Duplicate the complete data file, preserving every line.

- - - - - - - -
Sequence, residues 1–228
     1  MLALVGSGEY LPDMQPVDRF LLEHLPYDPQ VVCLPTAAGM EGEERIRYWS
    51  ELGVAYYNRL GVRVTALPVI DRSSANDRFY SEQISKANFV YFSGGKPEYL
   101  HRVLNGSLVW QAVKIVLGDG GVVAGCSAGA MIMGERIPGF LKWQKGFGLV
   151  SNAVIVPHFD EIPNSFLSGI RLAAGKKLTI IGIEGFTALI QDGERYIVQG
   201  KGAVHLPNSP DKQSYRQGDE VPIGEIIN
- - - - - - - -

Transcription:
Sequence, residues 1–228
     1  MLALVGSGEY LPDMQPVDRF LLEHLPYDPQ VVCLPTAAGM EGEERIRYWS
    51  ELGVAYYNRL GVRVTALPVI DRSSANDRFY SEQISKANFV YFSGGKPEYL
   101  HRVLNGSLVW QAVKIVLGDG GVVAGCSAGA MIMGERIPGF LKWQKGFGLV
   151  SNAVIVPHFD EIPNSFLSGI RLAAGKKLTI IGIEGFTALI QDGERYIVQG
   201  KGAVHLPNSP DKQSYRQGDE VPIGEIIN